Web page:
My rules of thumb when transferring from analog sources:
1. don't overdo levels at any stage of the analog chain. Know your gain stages, know your headroom
on all pieces of equipment, work accordingly.
2. always transfer at high resolution, 96/24 seems to be the resolution specified in most
grant-funded projects on which I've worked. I believe it is the standard specified by NARAS. Working
at 24-bit allows you to be conservative with ingestion levels.
3. since almost all DSP effects ultimate digital levels, you want to leave plenty of headroom in
your raw ingestion file. I never go above -6dBfs peak level, and usually stick well below that. I am
conservative with DSP, so I've never had a problem where something like NR, EQ or tick and pop
removal brings the peak level anywhere near digital zero. If you're more heavy-handed, give yourself
more headroom to be safe.
4. final "master" product should be peak-normalized. There has been some controversy about this over
the years, mainly because cheaper-design CD players' post-DAC analog stages have no headroom and
thus audibly distort before digital zero, plus there are problems with "rips" to MP3 and other lossy
formats. Being conservative, I normalize peak levels to -1dBfs for non-dynamic content (ie rock
music) and -0.5dBfs for very dynamic content (ie well-recorded classical music). There were some
"toothpaste-compressed" analog products back in the day, especially rock albums late in the LP era.
Those sources are best normalized to a peak level of -2dBfs so they seem a little bit less
"super-loud" when played back with other material or combined into iPod playlists. They'll still
seem "too loud" compared to well-produced audio.
So one question that comes up in all of this is "what is 0VU on my console as far as dBfs in my
DAW"? Assuming 0VU = +4dBm, and you have your mixing console set accordingly, I think you're safe
with 0 = -12dBfs, but I think one more conservative standard out there calls for 0 = -14dBfs. I
can't see how that hurts in a high-resolution digital environment, so nowadays I'd advise go for the
more conservative standard. In reality, there is NO content that's really "90dB" unless it's made in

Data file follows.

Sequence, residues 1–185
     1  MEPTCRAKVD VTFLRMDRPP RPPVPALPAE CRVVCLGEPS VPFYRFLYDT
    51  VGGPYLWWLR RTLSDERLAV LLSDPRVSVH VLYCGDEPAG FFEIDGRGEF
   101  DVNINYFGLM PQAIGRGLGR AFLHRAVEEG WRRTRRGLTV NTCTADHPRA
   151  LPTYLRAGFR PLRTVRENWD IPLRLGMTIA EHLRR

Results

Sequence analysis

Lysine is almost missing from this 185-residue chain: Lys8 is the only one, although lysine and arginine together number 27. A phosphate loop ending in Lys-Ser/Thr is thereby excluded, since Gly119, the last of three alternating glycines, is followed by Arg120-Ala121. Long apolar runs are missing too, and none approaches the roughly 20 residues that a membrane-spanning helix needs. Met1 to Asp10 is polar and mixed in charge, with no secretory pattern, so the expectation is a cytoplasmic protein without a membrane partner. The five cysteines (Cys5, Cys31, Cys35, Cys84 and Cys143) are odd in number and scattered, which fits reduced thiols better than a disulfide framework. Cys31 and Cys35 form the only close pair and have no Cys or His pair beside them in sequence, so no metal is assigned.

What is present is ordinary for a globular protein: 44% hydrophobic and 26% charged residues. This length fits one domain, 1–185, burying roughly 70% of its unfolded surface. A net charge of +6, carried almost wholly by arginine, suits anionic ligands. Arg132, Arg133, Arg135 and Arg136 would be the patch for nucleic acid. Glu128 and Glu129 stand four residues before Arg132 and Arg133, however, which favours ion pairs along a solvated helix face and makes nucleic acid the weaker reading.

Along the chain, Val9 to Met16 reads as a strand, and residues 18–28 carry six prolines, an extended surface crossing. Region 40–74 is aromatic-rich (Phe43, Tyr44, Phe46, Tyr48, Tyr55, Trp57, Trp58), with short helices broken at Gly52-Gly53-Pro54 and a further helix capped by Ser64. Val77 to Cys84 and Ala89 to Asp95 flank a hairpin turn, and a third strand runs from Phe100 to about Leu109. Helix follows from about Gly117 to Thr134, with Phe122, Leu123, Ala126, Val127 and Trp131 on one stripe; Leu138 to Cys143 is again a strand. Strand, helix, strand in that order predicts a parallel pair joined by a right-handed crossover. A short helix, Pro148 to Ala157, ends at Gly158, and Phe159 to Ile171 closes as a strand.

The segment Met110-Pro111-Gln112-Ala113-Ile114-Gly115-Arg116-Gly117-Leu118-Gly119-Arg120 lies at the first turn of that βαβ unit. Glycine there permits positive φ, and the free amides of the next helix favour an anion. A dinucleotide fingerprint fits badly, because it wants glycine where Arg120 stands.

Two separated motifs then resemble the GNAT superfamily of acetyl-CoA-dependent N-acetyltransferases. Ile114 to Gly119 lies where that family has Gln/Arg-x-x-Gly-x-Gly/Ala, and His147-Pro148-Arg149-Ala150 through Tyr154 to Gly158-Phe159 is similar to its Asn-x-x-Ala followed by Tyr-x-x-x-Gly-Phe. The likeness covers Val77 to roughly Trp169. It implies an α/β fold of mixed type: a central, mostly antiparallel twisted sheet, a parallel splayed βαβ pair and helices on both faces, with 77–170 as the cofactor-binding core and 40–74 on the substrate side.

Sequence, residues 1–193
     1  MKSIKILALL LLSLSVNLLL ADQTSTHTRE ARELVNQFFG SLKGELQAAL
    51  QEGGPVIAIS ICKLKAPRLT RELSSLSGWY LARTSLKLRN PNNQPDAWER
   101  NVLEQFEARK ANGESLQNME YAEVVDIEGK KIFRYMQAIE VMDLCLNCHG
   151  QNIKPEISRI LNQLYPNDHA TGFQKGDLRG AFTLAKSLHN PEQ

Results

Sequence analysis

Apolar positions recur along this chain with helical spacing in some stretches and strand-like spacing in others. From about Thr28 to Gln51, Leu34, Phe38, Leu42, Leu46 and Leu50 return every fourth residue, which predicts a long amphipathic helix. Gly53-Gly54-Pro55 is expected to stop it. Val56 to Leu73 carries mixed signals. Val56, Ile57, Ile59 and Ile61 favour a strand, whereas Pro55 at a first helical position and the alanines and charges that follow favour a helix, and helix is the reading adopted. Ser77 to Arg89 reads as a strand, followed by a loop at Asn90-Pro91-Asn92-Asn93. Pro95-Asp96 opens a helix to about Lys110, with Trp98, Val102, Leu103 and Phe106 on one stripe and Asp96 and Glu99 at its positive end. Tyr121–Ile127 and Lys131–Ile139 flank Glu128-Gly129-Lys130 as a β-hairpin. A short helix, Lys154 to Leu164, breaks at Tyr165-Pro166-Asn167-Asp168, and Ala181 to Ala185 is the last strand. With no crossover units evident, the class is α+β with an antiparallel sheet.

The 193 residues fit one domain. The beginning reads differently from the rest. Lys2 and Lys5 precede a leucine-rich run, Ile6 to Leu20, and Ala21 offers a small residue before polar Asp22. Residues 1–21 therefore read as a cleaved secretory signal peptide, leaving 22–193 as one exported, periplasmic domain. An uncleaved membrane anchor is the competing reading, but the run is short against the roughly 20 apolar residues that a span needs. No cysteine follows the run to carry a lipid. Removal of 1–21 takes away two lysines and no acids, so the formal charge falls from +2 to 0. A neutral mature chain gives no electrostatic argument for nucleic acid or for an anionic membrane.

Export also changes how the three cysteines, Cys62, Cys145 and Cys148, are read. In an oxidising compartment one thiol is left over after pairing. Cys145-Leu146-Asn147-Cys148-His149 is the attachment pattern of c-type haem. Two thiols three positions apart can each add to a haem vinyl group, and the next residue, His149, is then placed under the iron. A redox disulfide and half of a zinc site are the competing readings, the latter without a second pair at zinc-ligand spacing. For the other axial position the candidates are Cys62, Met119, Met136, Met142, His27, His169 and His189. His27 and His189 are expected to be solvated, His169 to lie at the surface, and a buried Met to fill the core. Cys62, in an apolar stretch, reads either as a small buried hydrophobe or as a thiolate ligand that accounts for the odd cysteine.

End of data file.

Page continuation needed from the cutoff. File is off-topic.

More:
an anacholic chamber, and no one would want to listen to it. The best classical music has about a
30-40dB dynamic range as far as audible ppp to audible fff (yes, it's possible to get 60dB in a good
quiet venue using digital recording, but very few listeners will be able to hear that without riding
the volume control). Well-recorded jazz can be in the 12-15dB dynamic range, sometimes a bit more.
Rock music rarely has dynamic range of more than 6dB ("half as loud to twice as loud").
Toothpaste-mastered stuff literally has less than 1dB dynamic range, it's just an annoying onslaught
I'm interested in other comments. Are others operating under very different rules of thumb?
-- Tom Fine
----- Original Message -----
From: "Henry Borchers" <[log in to unmask]>
To: <[log in to unmask]>
Sent: Friday, October 19, 2012 9:51 AM
Subject: [ARSCLIST] Analog to digital dBFS standards
I've been hitting a brick wall with my research and I was hoping that with all the experts here,
someone could point me in the right direction. Iím currently looking for research done on digital
reference levels. I am particularly interested in looking for references related to the amount of
headroom standards digital audio archivists and audio digitization technicians use in their digital
masters and the digital level dBFS that analog equipment have been calibrated to. Iíve been able to
find a lot of references about dBFS standards when it comes to audio for DVD, TV, and cinema (such
as SMPTE standards) but not much for the digitization of audio only content. I have been having
trouble locating good research regarding this area and I was hoping someone here could point me in
the right direction..
Broadcast Media Digitization Librarian
University of Maryland
B0221D McKeldin Library
College Park, MD 20742